Group Research: Empyreal Lords Beyond the Inner Sea World Guide


Lost Omens Campaign Setting General Discussion

Contributor

The Inner Sea World Guide presents six empyreal lords. PathfinderWiki notes three more: Ashave the True Spark, Shei Five Dawns, and Soralyon. Details on Shei cites PF #28. Anyone have sources on the other two?

Dark Archive

Nope sorry.

Now that I have been helpfully unhelpful. I have to ask, you work at paizo shouldn't you know? :)

Contributor

Dark_Mistress wrote:
Now that I have been helpfully unhelpful. I have to ask, you work at paizo shouldn't you know? :)

Seriously? :P

Normally I'd ask our continuity manager, but he's off gadding about on the east coast for some such reason.

Contributor

Looks like Shei Five Dawns isn't referenced as an empyreal lord at all, but rather a decapitated servant of Sinashakti. So that's one down.


I think some of them were from the old campaign setting of the other sources on the wiki. I also remember the product description of faiths of purity saying something about emperyal lords.


F. Wesley Schneider wrote:
The Inner Sea World Guide presents six empyreal lords. PathfinderWiki notes three more: Ashave the True Spark, Shei Five Dawns, and Soralyon. Details on Shei cites PF #28. Anyone have sources on the other two?

Ashave and Soralyon are mentioned in a variety of online sources as entities with cults in Magnimar. My guess (since my RotRL volumes are in storage) would be to check PF #2.

Contributor, RPG Superstar 2009, RPG Superstar Judgernaut

PF #2, p. 59 wrote:
"Tradition and local legends surrounding the Arvensoar have also attracted a number of celestial mystery cults, which practice strange rituals outside the public eye. Assemblies devoted to the empyreal lords Soralyon, Ashava the True Spark, and the Horseman of War are all known to gather in the city."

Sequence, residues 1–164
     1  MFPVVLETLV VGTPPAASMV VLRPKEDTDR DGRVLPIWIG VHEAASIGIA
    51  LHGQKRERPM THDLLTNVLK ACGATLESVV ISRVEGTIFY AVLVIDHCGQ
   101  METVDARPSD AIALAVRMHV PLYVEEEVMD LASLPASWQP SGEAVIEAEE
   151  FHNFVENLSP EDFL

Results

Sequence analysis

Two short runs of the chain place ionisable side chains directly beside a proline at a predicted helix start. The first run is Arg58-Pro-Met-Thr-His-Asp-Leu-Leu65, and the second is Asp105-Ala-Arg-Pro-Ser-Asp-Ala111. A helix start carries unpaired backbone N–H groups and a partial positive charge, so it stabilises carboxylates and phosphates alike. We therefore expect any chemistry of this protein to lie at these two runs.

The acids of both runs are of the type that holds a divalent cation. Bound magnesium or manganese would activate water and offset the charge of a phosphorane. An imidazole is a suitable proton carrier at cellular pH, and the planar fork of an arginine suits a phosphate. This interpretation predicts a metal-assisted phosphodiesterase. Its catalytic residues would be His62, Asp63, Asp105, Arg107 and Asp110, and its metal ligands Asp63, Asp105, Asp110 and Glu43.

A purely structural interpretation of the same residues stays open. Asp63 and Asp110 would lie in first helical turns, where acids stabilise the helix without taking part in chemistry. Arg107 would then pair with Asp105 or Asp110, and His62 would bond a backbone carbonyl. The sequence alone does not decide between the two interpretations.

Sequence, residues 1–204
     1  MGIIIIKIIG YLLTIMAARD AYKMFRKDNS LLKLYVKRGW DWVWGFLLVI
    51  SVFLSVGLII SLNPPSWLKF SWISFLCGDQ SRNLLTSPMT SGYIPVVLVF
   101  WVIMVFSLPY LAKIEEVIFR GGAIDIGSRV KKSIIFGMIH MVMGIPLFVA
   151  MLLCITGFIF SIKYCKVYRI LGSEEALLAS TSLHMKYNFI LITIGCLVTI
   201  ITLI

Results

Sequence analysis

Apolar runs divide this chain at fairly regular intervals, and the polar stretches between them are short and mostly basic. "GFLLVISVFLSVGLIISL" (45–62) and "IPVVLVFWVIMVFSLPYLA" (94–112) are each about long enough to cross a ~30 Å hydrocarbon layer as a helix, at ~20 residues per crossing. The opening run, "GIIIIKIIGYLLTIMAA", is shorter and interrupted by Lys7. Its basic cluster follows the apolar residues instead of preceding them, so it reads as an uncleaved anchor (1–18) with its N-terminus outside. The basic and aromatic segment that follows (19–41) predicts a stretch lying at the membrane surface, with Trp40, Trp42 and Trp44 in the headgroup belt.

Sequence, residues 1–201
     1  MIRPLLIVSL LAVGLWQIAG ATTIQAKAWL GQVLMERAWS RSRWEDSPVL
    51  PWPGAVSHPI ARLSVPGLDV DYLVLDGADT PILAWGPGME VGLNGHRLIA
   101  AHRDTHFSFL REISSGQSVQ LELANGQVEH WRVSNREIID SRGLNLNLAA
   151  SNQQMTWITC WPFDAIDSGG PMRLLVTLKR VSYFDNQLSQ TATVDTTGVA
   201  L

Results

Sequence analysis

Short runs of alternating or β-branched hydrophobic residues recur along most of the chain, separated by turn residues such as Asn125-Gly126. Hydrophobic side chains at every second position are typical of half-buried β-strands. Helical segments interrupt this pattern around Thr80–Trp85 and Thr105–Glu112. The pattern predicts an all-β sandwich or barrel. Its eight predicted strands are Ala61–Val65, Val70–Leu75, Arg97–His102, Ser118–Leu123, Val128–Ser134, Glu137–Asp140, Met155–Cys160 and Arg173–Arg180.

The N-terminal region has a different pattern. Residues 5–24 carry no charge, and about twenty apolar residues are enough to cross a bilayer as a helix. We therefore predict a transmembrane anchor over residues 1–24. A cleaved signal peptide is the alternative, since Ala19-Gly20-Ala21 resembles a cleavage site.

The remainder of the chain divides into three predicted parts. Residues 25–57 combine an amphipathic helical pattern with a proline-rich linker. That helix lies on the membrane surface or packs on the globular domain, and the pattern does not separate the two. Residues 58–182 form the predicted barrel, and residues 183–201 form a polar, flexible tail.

Contributor

There it is. Pathfinder #2, page 59, Religion: "Assemblies devoted to the empyreal lords Soralyon, Ashava the True Spark, and the Horseman of War are all known to gather in the city." Nice.

Dark Mistress will love this, I actually wrote that sentence. :P

Thanks Jeff!

[Update] And Neil!


F. Wesley Schneider wrote:

There it is. Pathfinder #2, page 59, Religion: "Assemblies devoted to the empyreal lords Soralyon, Ashava the True Spark, and the Horseman of War are all known to gather in the city." Nice.

Dark Mistress will love this, I actually wrote that sentence. :P

Thanks Jeff!

[Update] And Neil!

You might want to work on your punctuation. As written, it suggests the group empyreal lords includes all of Soralyon, Ashava the True Spark and the Horseman of War. What you probably wanted was:

"Assemblies devoted to the empyreal lords, Soralyon, Ashava the True Spark, and the Horseman of War are all known to gather in the city."

Which in turn suggests that the empyreal lords have their own cult, and that Soralyon, Ashava and the Horseman of War are all separate entities.

Dark Archive

F. Wesley Schneider wrote:

There it is. Pathfinder #2, page 59, Religion: "Assemblies devoted to the empyreal lords Soralyon, Ashava the True Spark, and the Horseman of War are all known to gather in the city." Nice.

Dark Mistress will love this, I actually wrote that sentence. :P

Thanks Jeff!

[Update] And Neil!